Test your marksmanship at Sidney Shooting Park, which offers target shooting and sporting clays. From I-80 exit 59, go north to U.S. Highway 30, then west to Greenwood Road, then three miles north. The park is open 10 a.m.-5 p.m. Saturday and noon-4 p.m. Sunday. Fifty sporting clays are $15; 100 are $25. (308) 254-4577.
In 1874, a military expedition led by George Armstrong Custer discovered gold in the Black Hills. Though a treaty reserved the Black Hills to the Sioux Indians, the Army stopped enforcing it. Soon a major gold rush was underway – and it led to war between the Sioux Indians and the United States, a war in which Custer himself was famously killed in the Battle of the Little Bighorn.
For would-be gold miners, Sidney became a popular jumping-off place, leaving behind the ease of railroad travel and heading overland up the 267-mile Sidney-to-Deadwood Trail. Though the early 1880s, the trail carried most of the gold rush traffic, including gold shipments from the Black Hills.
On Highway 30 west of town, a historical marker indicates where wagon ruts from the trail are still visible up the valley across the Union Pacific tracks. Highway 30 is also part of the old Lincoln Highway, which in the 1920s became the first paved coast-to-coast auto route.
Today, the Nebraska portion of U.S. Hwy 385 is designated the Gold Rush Scenic Byway. From the Colorado to the South Dakota state lines, the highway connects Sidney with Bridgeport, Alliance and Chadron. It follows the old trail for much of the way and rolls through some of the most spectacular country in the state. Heading north from Sidney, the highway passes through the towns of Gurley and Dalton before descending dramatically into the North Platte Valley beside Courthouse and Jail rocks near Bridgeport.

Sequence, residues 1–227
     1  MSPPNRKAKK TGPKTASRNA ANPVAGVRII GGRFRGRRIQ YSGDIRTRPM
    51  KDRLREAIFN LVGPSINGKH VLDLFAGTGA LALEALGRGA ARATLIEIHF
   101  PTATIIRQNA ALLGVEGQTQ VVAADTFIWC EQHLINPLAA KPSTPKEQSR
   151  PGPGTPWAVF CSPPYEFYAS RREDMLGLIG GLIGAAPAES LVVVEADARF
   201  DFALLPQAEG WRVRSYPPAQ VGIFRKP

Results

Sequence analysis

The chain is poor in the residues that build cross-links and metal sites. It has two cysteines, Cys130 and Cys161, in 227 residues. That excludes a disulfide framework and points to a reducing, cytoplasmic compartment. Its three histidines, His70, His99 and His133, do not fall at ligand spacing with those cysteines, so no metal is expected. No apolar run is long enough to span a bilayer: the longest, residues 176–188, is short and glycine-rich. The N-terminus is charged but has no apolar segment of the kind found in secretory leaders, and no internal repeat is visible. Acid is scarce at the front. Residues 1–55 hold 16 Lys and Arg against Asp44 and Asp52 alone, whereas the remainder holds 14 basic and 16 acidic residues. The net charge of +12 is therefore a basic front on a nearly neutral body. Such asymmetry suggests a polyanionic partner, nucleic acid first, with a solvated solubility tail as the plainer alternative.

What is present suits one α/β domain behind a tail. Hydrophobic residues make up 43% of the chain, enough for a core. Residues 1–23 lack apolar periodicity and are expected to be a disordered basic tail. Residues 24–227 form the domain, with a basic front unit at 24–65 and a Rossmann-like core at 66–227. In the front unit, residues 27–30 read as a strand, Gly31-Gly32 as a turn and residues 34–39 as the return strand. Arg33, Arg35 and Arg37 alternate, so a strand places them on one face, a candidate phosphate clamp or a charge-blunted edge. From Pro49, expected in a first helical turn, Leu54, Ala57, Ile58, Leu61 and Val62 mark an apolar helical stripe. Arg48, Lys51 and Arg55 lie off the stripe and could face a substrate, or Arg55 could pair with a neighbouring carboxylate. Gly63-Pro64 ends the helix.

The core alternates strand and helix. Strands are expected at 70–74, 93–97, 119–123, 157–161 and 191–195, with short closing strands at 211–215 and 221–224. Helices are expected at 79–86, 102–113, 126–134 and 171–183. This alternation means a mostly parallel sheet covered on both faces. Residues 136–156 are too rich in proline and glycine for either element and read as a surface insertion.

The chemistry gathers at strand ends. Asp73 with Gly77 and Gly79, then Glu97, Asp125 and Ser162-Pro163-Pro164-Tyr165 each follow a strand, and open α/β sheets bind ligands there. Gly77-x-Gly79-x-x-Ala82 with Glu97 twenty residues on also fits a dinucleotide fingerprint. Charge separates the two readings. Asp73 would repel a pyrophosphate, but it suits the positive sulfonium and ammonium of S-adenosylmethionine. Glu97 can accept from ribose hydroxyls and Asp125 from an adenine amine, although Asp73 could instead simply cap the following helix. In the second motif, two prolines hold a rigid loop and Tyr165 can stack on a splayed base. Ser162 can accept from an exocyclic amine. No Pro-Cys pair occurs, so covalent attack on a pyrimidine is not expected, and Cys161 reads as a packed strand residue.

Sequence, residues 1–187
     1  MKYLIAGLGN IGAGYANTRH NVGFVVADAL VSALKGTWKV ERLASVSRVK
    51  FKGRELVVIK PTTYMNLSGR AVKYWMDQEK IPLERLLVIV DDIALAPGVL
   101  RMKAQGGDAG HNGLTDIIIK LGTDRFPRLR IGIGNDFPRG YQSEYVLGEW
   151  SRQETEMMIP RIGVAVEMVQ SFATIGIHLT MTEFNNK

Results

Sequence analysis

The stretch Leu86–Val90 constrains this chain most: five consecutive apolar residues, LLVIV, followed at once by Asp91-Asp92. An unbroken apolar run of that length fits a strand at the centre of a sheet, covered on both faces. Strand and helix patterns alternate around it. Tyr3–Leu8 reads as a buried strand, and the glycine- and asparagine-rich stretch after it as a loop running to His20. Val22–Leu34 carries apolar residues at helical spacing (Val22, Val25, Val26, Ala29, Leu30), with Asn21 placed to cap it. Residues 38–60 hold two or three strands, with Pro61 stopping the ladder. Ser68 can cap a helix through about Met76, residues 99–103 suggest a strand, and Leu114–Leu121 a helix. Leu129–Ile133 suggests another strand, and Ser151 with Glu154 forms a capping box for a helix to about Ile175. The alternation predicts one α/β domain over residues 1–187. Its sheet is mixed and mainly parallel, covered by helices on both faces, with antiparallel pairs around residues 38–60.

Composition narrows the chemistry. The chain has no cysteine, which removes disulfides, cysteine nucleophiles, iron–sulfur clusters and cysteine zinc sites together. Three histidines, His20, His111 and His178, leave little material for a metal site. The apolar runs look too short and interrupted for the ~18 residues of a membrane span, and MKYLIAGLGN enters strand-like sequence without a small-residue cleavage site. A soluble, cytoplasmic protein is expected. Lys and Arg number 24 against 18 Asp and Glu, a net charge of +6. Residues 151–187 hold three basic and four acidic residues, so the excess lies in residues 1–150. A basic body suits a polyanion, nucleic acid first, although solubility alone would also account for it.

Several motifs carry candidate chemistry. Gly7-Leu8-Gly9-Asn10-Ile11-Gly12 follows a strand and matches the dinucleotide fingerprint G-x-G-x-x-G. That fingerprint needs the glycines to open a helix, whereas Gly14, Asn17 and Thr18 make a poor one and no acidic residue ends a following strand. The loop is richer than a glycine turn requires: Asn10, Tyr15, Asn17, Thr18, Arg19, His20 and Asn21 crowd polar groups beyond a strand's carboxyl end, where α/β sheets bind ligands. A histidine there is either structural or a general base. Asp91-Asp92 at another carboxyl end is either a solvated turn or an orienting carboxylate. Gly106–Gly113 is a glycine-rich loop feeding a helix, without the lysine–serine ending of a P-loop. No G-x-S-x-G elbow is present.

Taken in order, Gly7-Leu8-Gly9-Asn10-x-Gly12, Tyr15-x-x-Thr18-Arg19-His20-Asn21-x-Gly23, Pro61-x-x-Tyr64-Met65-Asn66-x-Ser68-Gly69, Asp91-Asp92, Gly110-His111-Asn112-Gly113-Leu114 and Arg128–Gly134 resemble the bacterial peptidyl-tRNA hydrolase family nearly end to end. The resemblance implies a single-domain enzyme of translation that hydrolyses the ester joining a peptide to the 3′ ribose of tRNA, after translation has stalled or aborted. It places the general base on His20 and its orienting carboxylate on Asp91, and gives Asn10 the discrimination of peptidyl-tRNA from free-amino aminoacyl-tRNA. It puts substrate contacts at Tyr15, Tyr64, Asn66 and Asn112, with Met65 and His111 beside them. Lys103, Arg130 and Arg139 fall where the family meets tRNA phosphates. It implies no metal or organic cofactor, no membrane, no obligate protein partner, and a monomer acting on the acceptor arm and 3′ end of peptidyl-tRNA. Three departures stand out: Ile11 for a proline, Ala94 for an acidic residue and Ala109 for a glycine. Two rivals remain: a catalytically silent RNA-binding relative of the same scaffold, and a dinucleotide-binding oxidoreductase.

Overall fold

Northeast of Sidney, just off of Highway 385, the Gold Rush Scenic Byway, visitors can find one of the state’s most interesting greenhouses. And, it’s interesting too that the owners of Ricky and Lucy’s Country Greenhouse, 11732 Road 32, are neither named Ricky nor Lucy. In 2003, Terri and Dan Wolff opened the business in a renovated 1800s era barn, and their organic farm offers much more than greenery. Organic herbs, vegetables, pastas, coffees and gourmet hot chocolates are among the offerings. There’s a gift shop with bath and body products, Roman statuary, pottery, and more. (877) 254-2204.
Six miles west of Sidney, the I-80 Golden Link marks where the last segment of Interstate 80 was completed in 1974. The link is a six-inch strip of brass plates embedded in both lanes.
For more information about Sidney, contact the Cheyenne County Visitors Committee at (866) 545-4030 or visit www.sidneycheyennecountytourism.com.